Sunday, January 30, 2005

not again... and green home!

As I was browsing the web this morning, I came across Shahram Razavi's images, which are mainly from Tehran. Most of the images depict buildings and streets from the north of Tehran and certainly leave out the other face of the city. Regardless, I find them very interesting. I have read and heard about the construction projects by wealthy Iranians who have close ties to corrupt bonyads, and I was imagining that some of the high-rises may have been built as a result of those projects. Many of the places in Shahram's photographs did not exist or did not look the same when I left Iran, right after the end of war with Iraq more than 15 years ago. After looking at these pictures, the thought of a possible U.S. attack on Iran and the damage that such an attack could cause to these municipal developments in Tehran, Ahwaz, Isfahan, and many other cities made me extremely angry.
It has taken many years for Iranians to recuperate from eight years of war (many have not recovered yet and are still suffering from the losses that the war imposed upon them). It won't be just these buildings that will be ruined and lost. After all, unlike what most of these magnificent images depict, Tehran is very much populated (and so are other cities and villages). It will be numerous lives that will be lost. But for those Iranians who may survive the "shock and awe" of U.S. "liberation" forces, a U.S. appointed/supported regime would also mean the loss of whatever rights they have gained in the last two decades in their struggle against the Iranian government.
It wasn't until after the end of the destructive war in 1989 that Iranian people got the chance to effectively challenge the government and make political changes -tasks which were practically impossible during the war. Similar to what we are witnessing here in the U.S. today, the urgency of war and the nationalist sentiments that often accompany territorial protection were used by the state to suppress voices of dissent. In fact many changes did not take place until after 1989, when the post-revolutionary government could no longer contain people's discontents. The government was held accountable to the people who had sacrificed so much during a long war that immediately followed the revolution.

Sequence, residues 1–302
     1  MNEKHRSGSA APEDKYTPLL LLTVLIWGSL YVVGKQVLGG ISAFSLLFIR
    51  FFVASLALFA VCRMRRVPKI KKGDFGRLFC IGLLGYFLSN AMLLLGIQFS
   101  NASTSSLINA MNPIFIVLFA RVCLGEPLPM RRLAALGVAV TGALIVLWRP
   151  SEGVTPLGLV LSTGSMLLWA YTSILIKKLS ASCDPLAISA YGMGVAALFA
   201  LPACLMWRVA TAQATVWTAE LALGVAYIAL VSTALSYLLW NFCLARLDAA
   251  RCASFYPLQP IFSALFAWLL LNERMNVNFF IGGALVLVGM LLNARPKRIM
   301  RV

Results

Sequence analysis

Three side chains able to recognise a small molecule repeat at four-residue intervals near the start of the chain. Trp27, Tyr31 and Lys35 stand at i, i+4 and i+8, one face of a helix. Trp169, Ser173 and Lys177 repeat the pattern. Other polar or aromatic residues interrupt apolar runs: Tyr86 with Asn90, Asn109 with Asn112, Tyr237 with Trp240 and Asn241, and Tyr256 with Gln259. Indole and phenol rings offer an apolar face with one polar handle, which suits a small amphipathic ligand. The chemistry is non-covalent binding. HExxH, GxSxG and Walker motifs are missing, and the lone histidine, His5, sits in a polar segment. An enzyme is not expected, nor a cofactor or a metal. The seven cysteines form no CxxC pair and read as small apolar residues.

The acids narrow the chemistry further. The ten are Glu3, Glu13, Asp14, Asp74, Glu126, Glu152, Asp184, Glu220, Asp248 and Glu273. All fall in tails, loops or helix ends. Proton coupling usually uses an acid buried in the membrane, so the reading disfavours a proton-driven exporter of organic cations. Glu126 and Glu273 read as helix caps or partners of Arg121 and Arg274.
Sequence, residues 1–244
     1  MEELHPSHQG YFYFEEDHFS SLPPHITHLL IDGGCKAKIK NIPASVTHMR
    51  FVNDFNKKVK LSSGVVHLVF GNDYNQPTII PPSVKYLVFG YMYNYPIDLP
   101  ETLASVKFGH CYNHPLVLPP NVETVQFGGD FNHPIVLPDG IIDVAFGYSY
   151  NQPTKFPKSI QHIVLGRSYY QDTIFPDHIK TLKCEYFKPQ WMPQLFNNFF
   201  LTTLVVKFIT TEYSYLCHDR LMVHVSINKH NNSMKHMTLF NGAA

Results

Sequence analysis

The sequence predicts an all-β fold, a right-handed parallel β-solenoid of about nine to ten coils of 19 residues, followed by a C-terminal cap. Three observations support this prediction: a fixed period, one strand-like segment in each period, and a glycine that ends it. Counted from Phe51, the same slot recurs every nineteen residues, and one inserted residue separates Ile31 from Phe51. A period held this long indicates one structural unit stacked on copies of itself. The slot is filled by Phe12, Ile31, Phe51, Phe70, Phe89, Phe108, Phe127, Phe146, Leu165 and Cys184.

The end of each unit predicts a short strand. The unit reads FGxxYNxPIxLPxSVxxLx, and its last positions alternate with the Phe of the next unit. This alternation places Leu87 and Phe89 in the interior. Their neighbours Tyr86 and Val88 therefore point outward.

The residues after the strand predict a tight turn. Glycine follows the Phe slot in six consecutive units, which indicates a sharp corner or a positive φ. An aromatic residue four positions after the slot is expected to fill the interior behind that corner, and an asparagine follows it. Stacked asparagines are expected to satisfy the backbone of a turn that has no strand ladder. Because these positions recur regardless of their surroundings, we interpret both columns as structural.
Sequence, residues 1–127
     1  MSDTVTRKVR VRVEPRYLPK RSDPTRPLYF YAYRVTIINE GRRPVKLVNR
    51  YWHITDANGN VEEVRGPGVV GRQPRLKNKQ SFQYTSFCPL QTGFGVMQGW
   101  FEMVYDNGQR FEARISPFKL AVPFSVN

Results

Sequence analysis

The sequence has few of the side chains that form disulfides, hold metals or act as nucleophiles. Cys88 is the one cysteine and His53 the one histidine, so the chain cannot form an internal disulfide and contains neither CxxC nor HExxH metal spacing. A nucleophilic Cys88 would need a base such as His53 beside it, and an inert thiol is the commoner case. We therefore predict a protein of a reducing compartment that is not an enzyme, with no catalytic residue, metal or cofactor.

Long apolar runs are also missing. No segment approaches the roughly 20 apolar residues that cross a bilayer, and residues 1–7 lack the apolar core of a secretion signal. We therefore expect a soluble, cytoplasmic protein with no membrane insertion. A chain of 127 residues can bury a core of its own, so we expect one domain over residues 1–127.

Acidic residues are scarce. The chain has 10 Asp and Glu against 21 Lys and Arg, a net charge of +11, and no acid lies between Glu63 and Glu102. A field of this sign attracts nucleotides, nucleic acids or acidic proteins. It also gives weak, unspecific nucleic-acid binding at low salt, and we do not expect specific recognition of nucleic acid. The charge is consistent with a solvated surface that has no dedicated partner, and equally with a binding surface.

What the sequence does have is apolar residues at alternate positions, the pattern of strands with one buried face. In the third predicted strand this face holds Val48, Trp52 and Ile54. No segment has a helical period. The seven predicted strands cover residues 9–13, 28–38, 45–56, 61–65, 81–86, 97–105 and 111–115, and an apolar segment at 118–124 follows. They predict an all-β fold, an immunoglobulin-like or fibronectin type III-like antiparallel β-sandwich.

Iranian people have constantly fought for their rights and have changed laws and policies. It may not seem that way to those who watch from the outside and may only get their news from mainstream media or from some Iranian Opposition groups in diaspora, who for some reason are frozen in their time of departure and have a tendency to see the Iranian state as a unified category. But regardless of such representations, the situation has drastically changed exactly because of Iranian people's struggles. Of course change cannot happen over night and the political atmosphere in Iran has had its ups and downs. People have risked (and continue to risk) a lot in their struggles. An attack on Iran will dismantle all their efforts. U.S. intervention may in some people's view be one step forward, but it will certainly be ten steps backward for many Iranians.